Does Carol Shea-Porter agree with President Obama's war strategy in Afghanistan?
Within hours of Obama's speech Tuesday night, the congresswoman's fellow Democrats, Sen. Jeanne Shaheen and Rep. Paul Hodes, weighed in with generally positive views of the president's policy. Republican Sen. Judd Gregg gave his opinion the day before.
Shea-Porter, however, gave little response. Asked yesterday for her views on the speech, Shea-Porter, through spokeswoman Jamie Radice, responded, "I have not heard anything to change my mind. However, as a member of the Armed Services Committee, I look forward to hearing from (Defense) Secretary (Robert) Gates and Admiral (Michael) Mullen tomorrow, and General (Stanley) McChrystal and Ambassador (Karl) Eikenberry next week."
State Republicans say it is hard to know what Shea-Porter believes.
Republican Party spokesman Ryan Williams accused Shea-Porter of flip-flopping, from supporting the war during her campaigns to opposing a buildup now.
"Either she's not telling the truth on her views in Afghanistan during the 2006 and 2008 campaigns or she's being intellectually dishonest today," Williams said.
National Republican Congressional Committeeman Tory Mazzola added, "It seems a bit strange that Carol Shea-Porter, who made her name as a candidate protesting the war, is now avoiding the issue altogether."
Historically, Shea-Porter has been a vocal protester against the Iraq war, talking frequently about the need to instead focus on Afghanistan.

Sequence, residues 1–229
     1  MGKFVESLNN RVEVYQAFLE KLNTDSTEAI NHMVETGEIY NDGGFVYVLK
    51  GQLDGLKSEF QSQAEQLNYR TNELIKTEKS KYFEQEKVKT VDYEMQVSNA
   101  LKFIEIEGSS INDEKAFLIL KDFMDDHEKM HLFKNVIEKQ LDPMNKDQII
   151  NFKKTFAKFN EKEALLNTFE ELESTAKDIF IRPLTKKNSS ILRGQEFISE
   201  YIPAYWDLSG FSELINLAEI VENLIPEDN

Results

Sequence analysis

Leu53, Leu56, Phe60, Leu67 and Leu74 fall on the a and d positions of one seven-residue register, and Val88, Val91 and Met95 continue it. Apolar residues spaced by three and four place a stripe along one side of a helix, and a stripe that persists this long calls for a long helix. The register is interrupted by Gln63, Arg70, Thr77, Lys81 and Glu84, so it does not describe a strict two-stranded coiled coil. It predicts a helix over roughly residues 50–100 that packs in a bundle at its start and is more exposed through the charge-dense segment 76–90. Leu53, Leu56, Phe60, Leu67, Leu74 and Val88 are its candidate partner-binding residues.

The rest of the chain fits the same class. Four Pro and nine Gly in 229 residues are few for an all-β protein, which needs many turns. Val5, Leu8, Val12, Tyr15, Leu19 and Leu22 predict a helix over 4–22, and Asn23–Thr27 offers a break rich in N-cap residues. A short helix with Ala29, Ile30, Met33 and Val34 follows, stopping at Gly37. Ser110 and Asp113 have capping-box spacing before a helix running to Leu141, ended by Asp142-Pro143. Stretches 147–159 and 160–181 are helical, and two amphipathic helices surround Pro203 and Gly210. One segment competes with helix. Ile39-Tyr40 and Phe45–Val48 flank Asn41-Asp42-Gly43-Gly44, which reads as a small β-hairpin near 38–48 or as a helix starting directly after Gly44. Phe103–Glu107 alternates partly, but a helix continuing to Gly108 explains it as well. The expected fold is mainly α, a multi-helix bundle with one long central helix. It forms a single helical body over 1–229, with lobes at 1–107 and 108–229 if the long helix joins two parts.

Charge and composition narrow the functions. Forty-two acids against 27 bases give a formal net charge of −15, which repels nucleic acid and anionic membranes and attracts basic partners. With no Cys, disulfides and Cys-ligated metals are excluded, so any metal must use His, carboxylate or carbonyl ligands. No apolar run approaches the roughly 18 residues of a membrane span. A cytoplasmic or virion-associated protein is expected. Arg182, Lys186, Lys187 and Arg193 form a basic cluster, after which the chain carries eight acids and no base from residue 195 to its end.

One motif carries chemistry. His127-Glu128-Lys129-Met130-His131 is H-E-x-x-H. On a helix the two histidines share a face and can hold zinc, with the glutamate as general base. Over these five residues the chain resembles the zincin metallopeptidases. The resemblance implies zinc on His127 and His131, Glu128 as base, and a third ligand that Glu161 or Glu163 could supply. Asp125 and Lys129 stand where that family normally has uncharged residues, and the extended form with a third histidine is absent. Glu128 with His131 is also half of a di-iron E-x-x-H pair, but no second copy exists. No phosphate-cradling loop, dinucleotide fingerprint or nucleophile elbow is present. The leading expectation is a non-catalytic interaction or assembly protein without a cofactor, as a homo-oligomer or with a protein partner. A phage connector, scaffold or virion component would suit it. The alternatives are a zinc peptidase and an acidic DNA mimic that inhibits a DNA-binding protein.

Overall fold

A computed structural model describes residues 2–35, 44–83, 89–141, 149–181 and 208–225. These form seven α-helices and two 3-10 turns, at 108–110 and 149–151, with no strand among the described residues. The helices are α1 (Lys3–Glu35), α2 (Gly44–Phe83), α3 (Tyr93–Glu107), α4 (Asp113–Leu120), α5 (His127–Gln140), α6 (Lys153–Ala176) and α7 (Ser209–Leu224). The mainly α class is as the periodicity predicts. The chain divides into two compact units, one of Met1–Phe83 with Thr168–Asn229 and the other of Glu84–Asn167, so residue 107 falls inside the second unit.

"We need to re-deploy our forces from Iraq, and with our allies, refocus our efforts on the fight against these terrorist criminals in Afghanistan and neighboring countries," she says on her website.
She told the Portsmouth Herald in October 2008 that she would support a phased withdrawal from Iraq while putting more troops in Afghanistan.
But Shea-Porter told the Monitor in September that her concerns about the war multiplied after she visited Afghanistan in May. "I came back and said, 'We really need to do a deep analysis and reassessment of what our goals are, our markers for success, how we know when we reach this, what's our strategy,' " Shea-Porter said.
Shea-Porter portrayed Afghanistan as a deeply troubled country, with illiteracy, health problems, high childhood mortality and a drug-based economy. She said it would be difficult for the U.S. to pick up and leave because "they lack everything we'd expect a country to have if they're going to step forward on their own." Shea-Porter said generals told her nation building would be a "10- to 16-year project."
Shea-Porter called on European nations to help with aid. She said the U.S. needed to carefully analyze its mission, to determine if more troops are sent how they will accomplish that mission, and to figure out whether Americans have the "stomach and political will" to keep fighting as the U.S. economy struggles.
Radice yesterday referred to news stories from May, when Shea-Porter returned from Afghanistan. From those stories, it was unclear whether Shea-Porter would support a troop surge leading to eventual withdrawal, as Obama laid out. Shea-Porter told the Portsmouth Herald she did not want another Vietnam "where we do enough to keep it going but not do enough to win." She told the Union Leader that "to fix Afghanistan would require an effort that I don't see happening."
On Monday, before the speech, Shea-Porter told WGIR that "I have not been in agreement" with the decision to send 30,000 more troops. She worried about the deficit, the war's cost and the lack of international assistance. "We need a presence there, need to keep working to catch terrorists," she said, but added that regarding a buildup, "my inclination is no."